Stijn Koopal
Mar 16, 2018 · 4 min read

So you have been designing and implementing beautiful standalone web components. Yet, you were only able see them at work in your app itself, only in combination with other components. Doesn’t that defeat the purpose of a standalone component? And wouldn’t it be way easier if you could implement components one by one? Meet Storybook.

Storybook allows you to develop and test your components in isolation. To quote their github:

Storybook is a development environment for UI components. It allows you to browse a component library, view the different states of each component, and interactively develop and test components.

A UI component in this case is framework independent. Storybook supports React (+Native), Angular, Vue and as of v3.4.0 it also supports Polymer 2! Go Web Components✨✨

At my current client we are using Polymer 2.5 with Storybook, it works like a sunshine! This post will show you what this setup looks like. On this GitHub repo you can find the source code.

I expect some knowledge of the Web Components standard in this post.

Getting started

Let’s get to it! Storybook comes with a CLI that is capable of detecting the framework used in the current working directory. We need this CLI as a global dependency, and we need a version of at least v.3.4.0. After the CLI has been installed, the getstorybook command will install Storybook for your project. Run the following commands from your command line:

This will install Storybook through npm (even though you use bower for Polymer). It will also generate a .storybook directory that contains Storybook configuration.

To start storybook run npm storybookand open uphttp://localhost:6006.

Your first story!

Allrighty, that was easy. Time to build our first story.

Simple story of a progress-bar

Let’s assume that we have a web component progress-bar with a few properties:
value: the percentage of the filled bar; a number between 0 and 100.
reverse: whether the bar is from right-to-left.
hidePercentage: whether the percentage text is hidden.

To add a storybook for this component, we add a file progress-bar.stories.js with the following contents.

Two important things to notice here. We import the html file of the component itself. This could as well be a js file if you intend to use the template() function.

Notice that we return the component as an HTML string. This is the first -and most simple- scenario that Storybook supports for rendering web components.

Dynamic component state and eventing

The second option that Storybook supports is rendering an instantiated Element. We can build an element with document.createElement. It will create an element based on the tag-name you give it. In our case, we can provide progress-bar as the tag-name.

This example will yield the exact same result as the simple scenario where we provided an HTML string.

The story with document.createElement is more verbose and tedious, but it provides for more flexibility. We can now not only pass more complex types to properties, but we can also attach event handlers.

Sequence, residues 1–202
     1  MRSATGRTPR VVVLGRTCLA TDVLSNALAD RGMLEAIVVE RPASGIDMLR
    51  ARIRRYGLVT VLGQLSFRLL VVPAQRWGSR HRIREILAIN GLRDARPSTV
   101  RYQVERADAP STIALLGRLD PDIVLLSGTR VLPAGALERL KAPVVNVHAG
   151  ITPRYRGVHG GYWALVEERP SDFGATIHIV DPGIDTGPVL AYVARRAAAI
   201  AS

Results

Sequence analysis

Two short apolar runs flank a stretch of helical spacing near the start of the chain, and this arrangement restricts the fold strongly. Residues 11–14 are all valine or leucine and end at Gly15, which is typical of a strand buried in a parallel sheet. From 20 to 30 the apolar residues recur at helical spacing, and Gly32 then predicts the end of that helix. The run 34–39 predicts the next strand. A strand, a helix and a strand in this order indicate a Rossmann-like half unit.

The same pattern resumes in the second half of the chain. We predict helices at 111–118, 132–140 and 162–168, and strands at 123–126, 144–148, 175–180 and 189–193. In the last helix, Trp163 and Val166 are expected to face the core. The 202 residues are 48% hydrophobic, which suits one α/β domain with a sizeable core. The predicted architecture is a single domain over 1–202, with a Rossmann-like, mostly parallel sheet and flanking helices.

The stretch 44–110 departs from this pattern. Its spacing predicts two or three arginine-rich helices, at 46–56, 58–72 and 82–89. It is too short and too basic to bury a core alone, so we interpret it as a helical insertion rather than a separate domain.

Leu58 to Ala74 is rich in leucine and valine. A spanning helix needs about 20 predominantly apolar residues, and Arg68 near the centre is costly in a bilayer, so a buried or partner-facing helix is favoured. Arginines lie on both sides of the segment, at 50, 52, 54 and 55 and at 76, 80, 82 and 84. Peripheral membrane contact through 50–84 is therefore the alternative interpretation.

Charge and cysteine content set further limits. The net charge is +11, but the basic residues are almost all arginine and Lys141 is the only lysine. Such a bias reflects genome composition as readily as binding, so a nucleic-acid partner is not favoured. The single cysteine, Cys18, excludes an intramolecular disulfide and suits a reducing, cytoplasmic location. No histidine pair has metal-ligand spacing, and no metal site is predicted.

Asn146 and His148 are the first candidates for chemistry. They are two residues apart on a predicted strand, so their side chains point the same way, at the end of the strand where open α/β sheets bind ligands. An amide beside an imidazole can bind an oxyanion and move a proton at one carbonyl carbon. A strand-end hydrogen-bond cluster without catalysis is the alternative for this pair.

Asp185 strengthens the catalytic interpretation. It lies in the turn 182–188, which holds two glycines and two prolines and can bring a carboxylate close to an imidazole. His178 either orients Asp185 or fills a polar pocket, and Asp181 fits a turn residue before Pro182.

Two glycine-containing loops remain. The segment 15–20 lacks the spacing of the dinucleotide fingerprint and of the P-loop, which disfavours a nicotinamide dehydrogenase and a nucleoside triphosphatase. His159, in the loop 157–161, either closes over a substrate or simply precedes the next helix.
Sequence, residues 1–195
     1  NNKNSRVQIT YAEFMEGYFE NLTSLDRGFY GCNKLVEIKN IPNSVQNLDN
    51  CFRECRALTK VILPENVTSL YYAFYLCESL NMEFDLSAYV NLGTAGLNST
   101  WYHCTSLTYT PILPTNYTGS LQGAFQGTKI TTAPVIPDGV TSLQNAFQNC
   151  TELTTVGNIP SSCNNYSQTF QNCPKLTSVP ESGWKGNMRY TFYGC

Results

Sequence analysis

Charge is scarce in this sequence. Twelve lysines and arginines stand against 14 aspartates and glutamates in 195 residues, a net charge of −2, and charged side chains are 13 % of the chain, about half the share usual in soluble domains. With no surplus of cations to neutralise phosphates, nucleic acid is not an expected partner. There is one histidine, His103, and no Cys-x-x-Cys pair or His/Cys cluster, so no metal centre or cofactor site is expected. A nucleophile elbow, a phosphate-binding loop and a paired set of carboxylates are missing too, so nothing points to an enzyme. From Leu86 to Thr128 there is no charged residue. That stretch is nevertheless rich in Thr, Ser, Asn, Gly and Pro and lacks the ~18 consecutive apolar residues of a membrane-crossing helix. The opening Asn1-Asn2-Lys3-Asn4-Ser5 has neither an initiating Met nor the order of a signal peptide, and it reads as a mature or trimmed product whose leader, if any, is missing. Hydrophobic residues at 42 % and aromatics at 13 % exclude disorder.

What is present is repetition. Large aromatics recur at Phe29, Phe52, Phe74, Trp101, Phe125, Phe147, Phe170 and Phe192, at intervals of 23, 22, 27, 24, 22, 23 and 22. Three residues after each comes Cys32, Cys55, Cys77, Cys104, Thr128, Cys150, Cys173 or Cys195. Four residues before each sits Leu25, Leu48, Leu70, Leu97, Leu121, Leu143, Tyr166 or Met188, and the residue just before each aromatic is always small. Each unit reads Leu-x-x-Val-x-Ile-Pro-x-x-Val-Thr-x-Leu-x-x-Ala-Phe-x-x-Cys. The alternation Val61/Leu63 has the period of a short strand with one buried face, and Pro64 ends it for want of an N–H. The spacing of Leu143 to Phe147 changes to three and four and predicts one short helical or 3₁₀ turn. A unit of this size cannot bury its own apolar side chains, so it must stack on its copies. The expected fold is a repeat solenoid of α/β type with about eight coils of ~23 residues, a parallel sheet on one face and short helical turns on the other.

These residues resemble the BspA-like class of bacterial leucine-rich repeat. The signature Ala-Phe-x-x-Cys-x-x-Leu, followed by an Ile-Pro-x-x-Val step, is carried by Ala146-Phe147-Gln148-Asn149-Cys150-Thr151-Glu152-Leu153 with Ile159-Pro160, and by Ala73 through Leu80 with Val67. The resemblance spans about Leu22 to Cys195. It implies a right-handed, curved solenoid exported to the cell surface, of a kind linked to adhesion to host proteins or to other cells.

Let’s explore a more complex example with Storybook actions and knobs.

This story provides buttons and sliders within Storybook to configure the displayed component. It will also show a panel with actions dispatched from the component. More specifically, in this case it will listen for the value-change event.

Story of a progress-bar with knobs.

Styling

Our progress-bar component can be styled from outside the component by utilizing CSS custom properties. To set those variables from a story, one can use the following code.

Styled progress-bar

Slots

Slots are part of the web component standard. They are placeholders in your component that can be filled with markup from outside the component. Think of child components in React.

Using the method above, we have to create an element for every slot that we need to fill. Below you can find an example of that. Note that we assign the slot property to the child element that fills a specific slot.

Creating a configured component with slots and CSS custom propertiesis quite tedious. But do not grieve, there is a solution!

BONUS: lit-html

With the introduction of Polymer 3 (preview), also came the introduction of lit-html.

lit-html lets you write HTML templates with JavaScript template literals, and efficiently render and re-render those templates to DOM.

As of v4.0.0-alpha4 lit-htmlis incorporated in the core of Storybook. Consider the following example.

Whoop, that’s a big improvement over previous examples! Way more concise and less verbose, and we added both some CSS custom properties and slots. Great job :)


That’s it! If you want to experiment yourself, please find some examples on GitHub and try for yourself.

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Storybook

The UI development environment you'll ♥️ to use.

Thanks to Norbert de Langen

Stijn Koopal

Written by

Software Enthusiast @ Xebia

Storybook

Storybook

The UI development environment you'll ♥️ to use.

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